Forum / Let's Discuss! / Problem Client

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On: April 17, 2013 11:06 AM
I have a client who has a hip replacement on left & has replaced knee on right leg. He's 70 . He reminds me of an army sargent , broad chest & rib cage, sternum lifted...actually feels hard. He plays golf & use to be a football star thru high school & college. He is a lawyer but slowly going into retirement but doesn't seem to be rushing. Had my 1st session yesterday.. worked on breathing & dropping sternum. Then worked on clamming, did single leg knee fold, flossing psoas, footwork with spike & footwork with ankles.. He uses a Cain & works with to the right leg. He thought he had a dislocated elbow. Was working some shoulder release with spike and I heard a crack from elbow.
On: April 18, 2013 07:06 AM
Just an update on the client. I think Tuesday when I heard the elbow pop gave me " oh" My moment. The dislocated elbow has been relocated and the client feels the best he has ever felt. My concerns were on him and questions to ability to handle the client with many health problems. I've done more homework and feel better about working with the client. Doing Side lying abduction, small leg circles and working with feel & heels. Doing lots of stretching. Used the Eric Franklin method on the shoulder and what you taught us with the arm softly extending out and drawing in and the L shape elbow lowering to hip and drifting back to across the ear . Doing this a few times reset the elbow . Never felt anything like this before so it alarmed me. What a learning experience and so glad I have kept up with continuing education. Thank you Jen and Casey.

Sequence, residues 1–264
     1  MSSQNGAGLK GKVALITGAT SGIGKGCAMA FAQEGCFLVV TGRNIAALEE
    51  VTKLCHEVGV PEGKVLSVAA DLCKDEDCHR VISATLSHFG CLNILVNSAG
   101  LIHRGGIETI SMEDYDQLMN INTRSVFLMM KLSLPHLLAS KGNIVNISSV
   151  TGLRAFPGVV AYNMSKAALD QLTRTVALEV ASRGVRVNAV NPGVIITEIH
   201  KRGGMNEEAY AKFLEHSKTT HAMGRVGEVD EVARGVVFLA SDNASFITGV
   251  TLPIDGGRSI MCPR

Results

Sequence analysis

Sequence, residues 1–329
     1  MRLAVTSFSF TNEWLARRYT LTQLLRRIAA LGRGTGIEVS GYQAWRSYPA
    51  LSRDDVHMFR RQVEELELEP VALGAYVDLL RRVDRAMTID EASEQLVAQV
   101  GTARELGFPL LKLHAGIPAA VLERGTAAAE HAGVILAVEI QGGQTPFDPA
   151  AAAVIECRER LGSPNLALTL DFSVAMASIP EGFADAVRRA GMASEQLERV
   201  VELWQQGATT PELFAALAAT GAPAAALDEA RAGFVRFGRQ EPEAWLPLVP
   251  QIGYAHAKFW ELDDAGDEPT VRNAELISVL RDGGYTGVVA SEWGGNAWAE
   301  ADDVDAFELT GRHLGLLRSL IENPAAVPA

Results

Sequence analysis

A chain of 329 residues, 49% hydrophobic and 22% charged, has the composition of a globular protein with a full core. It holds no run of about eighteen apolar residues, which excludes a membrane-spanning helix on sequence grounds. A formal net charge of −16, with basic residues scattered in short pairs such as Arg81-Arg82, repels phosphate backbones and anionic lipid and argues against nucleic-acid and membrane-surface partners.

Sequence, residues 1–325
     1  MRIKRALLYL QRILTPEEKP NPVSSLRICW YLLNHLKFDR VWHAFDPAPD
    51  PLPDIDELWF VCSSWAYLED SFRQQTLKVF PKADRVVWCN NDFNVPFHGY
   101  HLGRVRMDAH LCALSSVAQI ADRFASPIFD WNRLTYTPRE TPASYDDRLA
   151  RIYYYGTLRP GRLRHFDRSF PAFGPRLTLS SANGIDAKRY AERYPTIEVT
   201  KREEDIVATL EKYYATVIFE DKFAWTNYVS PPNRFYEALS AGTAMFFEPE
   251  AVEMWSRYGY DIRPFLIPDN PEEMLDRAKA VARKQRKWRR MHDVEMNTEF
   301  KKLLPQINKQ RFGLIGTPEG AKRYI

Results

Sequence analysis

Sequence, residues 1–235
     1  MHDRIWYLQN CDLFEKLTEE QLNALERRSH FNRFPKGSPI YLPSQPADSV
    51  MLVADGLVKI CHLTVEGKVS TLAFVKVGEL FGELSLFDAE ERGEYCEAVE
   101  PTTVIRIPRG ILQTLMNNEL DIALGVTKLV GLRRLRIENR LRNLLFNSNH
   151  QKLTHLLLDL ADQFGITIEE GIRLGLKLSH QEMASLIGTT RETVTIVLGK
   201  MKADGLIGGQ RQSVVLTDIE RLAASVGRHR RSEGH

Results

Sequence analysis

On: April 23, 2013 21:42 PM
Hi there Vicky! My advice to you is to keep the range of motion small, with a focus on alignment based movement. What it sounds like your client needs is balanced muscle activation to help his deeply engrained compensatory patterns unwind. When a client has multiple surgeries, it is imperative to really look at how the whole body shares the work at all times. Over focusing on one aspect of the mechanics of the body can leave other areas vulnerable and open to issues. A holistic approach to having the body always share the work will greatly aid in the client's healing and recuperation. The equipment is wonderful tool to help the client feel and communicate with their body in a new and different way. With a hip and knee replacements, the reformer is especially useful to bring about balanced muscle effort that directly benefits gait and standing posture. It sounds like you are on the right track with your client! As you better get to know him and his issues, the path to take will unfold. Stay focused, curious, and in the moment. He is lucky to have you!
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